March 2, 2009
By Jade Borgeson BRONZE, Carver, Massachusetts
Jade Borgeson BRONZE, Carver, Massachusetts
1 article 1 photo 0 comments

Looking in the mirror, she saw her face reflected cloudy and moist from the thickening condensation
of shower water gathering there. She removed the strand of ribbon from her hair; and strands of her
hair from her head, obliviously , with her new dark red paddle brush- with its blow-drying stylistic
features and patented anti-frizz technology- as she ran it through her wavy beach blonde hair.
Disgust. she thought. She always thinks these things. She always thinks in the mist and mirrors of
her paranoia, as she washes her skin with the burning alcohol, pulls back her excess hair with the
industrialized metal clips, and stares at, and only ever into, her own watery, deep, prominent,
dark, blue eyes.


Thick beads of sweat and gathered shower mist begin to cultivate upon her face; the light, strong
hairs which together form the distinct curve of her eye brow are a temporary resting place, a
distraction for those drips of moisture traveling down her face, which will later descend down the
curve of her nose, or the bulge of her cheek, to finally reach the sharp point of her sharp, pale,
'bearded' chin She turns from her sanctuary of self to stare into the cave of a shower that's
obstructing her view. Mumbling, she places the cotton ball back onto the marble counter, and begins
to rise.

Everyday. She thinks. She thinks too much sometimes.

The arch of her foot floats to the shower mat; her French manicured toe nails striking against the
grey piece of material beneath them. The mat only moves a sliver of an inch upon contact, but moves
none the less, and has over the past few weeks, gradually made its way towards a completely
alternate location than where it started.

She removes her thoughts from her head, the clothes from her back. I hate the cave. She thinks.
It's dark in there, with the black, thick shower curtain on one side, and the off white tiles on
the other. The light has been broken, and only dead flies occupy the space between bulb and cover.
Sometimes there are spiders. She hates spiders.

Soap. Water. Product on fingers. Fingers through hair. Breath. Dirt. Aging skin.

Someone's there. The doorknob, it moved? We can never tell if it moved. Turning, Creeking
Doorknob. A thief.

Alone in the cave, just don't think of it. Shave off your unwanted hairs, right down to the roots,
down the pipes. Distract us. They'll grow back tomorrow. Everyday. A definite noise. Something
must be there, there is something else. Confirmed, it must be there, the thief. The monster. The
rapist. The bad thing.

She struggles to come to a conclusion, razor still in hand. Everyday she thinks. Just like the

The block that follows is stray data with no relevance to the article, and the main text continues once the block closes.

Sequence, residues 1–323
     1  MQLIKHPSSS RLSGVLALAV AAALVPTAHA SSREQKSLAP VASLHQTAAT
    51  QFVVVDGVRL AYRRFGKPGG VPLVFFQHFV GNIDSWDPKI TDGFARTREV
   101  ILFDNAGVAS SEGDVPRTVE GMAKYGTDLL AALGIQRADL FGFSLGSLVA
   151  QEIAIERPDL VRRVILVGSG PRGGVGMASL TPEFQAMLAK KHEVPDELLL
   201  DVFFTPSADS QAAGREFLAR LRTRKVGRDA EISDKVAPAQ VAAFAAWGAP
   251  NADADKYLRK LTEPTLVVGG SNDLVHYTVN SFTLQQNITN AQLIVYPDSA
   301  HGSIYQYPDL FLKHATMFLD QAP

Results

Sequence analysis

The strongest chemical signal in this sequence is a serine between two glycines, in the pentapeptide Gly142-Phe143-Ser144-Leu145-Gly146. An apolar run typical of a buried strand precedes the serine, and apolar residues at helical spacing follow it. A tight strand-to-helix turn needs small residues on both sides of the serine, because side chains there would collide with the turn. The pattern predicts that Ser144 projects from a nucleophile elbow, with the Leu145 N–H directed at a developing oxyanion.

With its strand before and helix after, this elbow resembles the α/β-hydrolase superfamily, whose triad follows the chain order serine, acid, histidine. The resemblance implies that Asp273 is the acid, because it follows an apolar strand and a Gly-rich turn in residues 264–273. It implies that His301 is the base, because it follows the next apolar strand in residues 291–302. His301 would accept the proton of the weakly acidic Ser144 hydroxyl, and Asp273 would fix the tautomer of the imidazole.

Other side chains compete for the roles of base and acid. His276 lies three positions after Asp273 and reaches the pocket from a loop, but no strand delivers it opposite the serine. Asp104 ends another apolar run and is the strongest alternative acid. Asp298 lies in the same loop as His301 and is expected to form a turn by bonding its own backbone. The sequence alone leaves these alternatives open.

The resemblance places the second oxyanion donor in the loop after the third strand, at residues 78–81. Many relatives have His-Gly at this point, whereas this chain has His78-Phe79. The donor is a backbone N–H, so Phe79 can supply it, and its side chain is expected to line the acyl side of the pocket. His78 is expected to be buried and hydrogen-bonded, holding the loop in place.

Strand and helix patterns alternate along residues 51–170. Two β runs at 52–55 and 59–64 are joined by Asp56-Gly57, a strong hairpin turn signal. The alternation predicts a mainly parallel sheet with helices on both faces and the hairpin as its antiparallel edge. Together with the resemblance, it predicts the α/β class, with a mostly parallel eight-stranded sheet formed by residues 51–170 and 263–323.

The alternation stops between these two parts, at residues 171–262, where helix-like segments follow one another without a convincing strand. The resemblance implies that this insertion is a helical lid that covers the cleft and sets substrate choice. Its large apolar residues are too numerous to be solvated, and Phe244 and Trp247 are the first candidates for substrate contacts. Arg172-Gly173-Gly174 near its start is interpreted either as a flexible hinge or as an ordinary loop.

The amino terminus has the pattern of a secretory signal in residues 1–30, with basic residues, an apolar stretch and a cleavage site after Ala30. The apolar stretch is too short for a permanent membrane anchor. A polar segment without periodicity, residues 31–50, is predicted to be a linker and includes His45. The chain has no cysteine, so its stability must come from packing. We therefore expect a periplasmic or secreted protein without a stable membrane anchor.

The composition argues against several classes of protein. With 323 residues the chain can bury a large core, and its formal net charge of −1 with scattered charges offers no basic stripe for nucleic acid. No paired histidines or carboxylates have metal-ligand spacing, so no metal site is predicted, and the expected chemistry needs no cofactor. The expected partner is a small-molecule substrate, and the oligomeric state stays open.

Pull back the curtain. Scare it away with her looks, her awareness of its presence. Seems logical.

Fabric. Hand. The force of some push or pull. Openness. Space. The view of the bathroom door.


Nothing is there. She feels like it's a mean prank they play. There's some sort of bad thing
here' The mirror stares at us. We stare at the door. Disgust.The dead flies seem to buzz in the
same way that the doorknob seems to turn.

Stop. Is thought. The level of ridiculousness becomes apparent to her; her paranoia suddenly an
obvious chemical imbalance or mental disorder. Anger rushes to her cheeks and blurs her eyes. Self.
Self-inflicted anger. So frustrating. Everyday she does this. We do this. It does this.

Subconsciously, she clutches the curtain for stability, squeezing her eyes as tight as the
constraint around her mind seems to be.

A sudden burst and she slams the curtain; black, ugly, and thick- closed, accidentally cutting her
wrist with the razor gripped in her other hand as she closes off from the light.

Red. Red is the wrist, Red like the water, Red like the hairbrush.

Blood. A fall. A scream. The razor hits the bottom of the shower floor, splashing in the burning

Grab. Grip. Clenched teeth. Tears. Hysteria

It won't stop.

Cheek to wall, she cries. The moisture everywhere; of tears, blood, hot water. I think I'm alive
still. I know no one's here. I hate the blood. I hate the razor. I hate the flies.

I hate the mirror. Disgust.

The author's comments:
My short story is a literary commentary on the effects of modernized media upon youth, particularly young women. Popularized media such as television broadcasts from major networks, fashion magazines, and "mass-advertising" have created many issues for the youth growing up in our society, making them question things such as their measure of beauty and identity, having to measure to the standards of these media influences. Portrayed as the quintessences of perfected beauty and sexuality, women, and even men, in popularized media set an impossible and imposing standard on young minds. Already struggling to determine who she herself is as part of growing up, the main character of the story also struggles to make herself meet the standards these influences set; causing mental anguish, confusion, and grief in a variety of ways.

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